How worries about reputation shape FDA enforcement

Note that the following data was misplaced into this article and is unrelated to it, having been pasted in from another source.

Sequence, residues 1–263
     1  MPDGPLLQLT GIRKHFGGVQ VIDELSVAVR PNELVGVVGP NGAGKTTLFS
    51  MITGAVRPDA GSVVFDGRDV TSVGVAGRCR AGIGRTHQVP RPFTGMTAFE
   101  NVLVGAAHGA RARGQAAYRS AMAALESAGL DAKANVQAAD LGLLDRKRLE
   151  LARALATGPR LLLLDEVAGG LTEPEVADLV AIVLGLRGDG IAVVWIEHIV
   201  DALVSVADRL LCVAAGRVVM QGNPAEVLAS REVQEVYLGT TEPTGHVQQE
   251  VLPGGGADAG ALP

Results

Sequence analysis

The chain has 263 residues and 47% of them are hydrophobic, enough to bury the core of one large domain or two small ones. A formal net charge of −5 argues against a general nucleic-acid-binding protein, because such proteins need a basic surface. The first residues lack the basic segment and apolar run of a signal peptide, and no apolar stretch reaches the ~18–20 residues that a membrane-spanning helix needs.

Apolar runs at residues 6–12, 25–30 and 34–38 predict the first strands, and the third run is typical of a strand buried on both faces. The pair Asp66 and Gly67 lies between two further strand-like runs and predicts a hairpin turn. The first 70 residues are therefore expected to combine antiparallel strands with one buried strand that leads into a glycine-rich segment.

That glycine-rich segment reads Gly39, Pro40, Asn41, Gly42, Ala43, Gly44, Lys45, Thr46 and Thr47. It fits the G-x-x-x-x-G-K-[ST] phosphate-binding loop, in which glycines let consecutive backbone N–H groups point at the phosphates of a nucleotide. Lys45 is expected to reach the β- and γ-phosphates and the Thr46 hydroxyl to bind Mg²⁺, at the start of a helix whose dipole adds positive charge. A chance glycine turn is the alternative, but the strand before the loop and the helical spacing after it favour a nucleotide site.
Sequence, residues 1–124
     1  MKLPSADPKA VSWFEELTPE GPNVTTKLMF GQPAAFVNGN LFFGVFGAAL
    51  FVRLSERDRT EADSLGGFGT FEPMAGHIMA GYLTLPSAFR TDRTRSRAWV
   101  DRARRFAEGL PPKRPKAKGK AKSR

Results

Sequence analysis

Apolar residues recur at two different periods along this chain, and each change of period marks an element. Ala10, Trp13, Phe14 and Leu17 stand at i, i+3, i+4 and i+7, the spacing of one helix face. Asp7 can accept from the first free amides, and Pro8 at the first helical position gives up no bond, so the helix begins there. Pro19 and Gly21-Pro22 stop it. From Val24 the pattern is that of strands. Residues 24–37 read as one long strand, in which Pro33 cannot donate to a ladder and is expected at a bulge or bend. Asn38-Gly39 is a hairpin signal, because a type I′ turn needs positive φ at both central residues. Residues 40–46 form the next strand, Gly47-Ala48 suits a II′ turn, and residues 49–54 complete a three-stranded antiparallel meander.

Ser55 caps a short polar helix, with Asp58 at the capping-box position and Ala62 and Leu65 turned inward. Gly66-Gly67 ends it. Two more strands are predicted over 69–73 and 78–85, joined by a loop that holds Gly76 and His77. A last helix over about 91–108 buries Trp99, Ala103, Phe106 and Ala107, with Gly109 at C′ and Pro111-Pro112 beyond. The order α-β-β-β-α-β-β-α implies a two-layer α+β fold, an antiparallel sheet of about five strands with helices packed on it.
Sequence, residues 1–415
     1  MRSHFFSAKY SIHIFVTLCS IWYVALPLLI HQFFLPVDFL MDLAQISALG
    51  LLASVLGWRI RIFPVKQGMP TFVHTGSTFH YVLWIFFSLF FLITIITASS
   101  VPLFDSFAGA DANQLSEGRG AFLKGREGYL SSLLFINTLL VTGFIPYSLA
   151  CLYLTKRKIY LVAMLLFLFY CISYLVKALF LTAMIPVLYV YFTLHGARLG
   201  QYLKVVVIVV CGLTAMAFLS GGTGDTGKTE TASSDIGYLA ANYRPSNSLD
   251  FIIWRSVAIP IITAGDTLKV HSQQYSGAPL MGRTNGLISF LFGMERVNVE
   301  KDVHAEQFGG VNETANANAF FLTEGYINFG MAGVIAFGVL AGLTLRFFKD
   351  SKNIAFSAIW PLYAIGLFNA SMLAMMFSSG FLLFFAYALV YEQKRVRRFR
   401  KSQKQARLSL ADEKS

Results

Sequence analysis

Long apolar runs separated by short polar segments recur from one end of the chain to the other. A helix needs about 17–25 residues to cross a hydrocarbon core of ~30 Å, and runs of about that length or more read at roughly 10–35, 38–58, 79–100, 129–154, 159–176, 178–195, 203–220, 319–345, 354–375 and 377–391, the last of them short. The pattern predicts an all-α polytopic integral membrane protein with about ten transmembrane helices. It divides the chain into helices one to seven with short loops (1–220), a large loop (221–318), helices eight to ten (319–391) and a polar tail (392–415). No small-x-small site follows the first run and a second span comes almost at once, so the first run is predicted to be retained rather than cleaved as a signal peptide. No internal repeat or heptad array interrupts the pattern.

Public agencies care about their reputations. In the current issue of Governance, Moshe Maor and Raanan Sulitzeanu-Kenan of the Hebrew University of Jerusalem explore how “the vague concept of reputation may translate into concrete regulatory outcomes.” They examine the behavior of two enforcement divisions within the U.S. Food and Drug Administration. As media coverage of the FDA becomes more positive, the agency takes longer to execute enforcement actions. Negative coverage leads to quicker action. This is only true, though, when press coverage is relatively intense. “Reputational concerns,” conclude Moar and Sulitzeanu-Kenan, “produce institutional outcomes over and above the content of rules, guidance, procedures, structures or statutes.” FREE ACCESS to this article.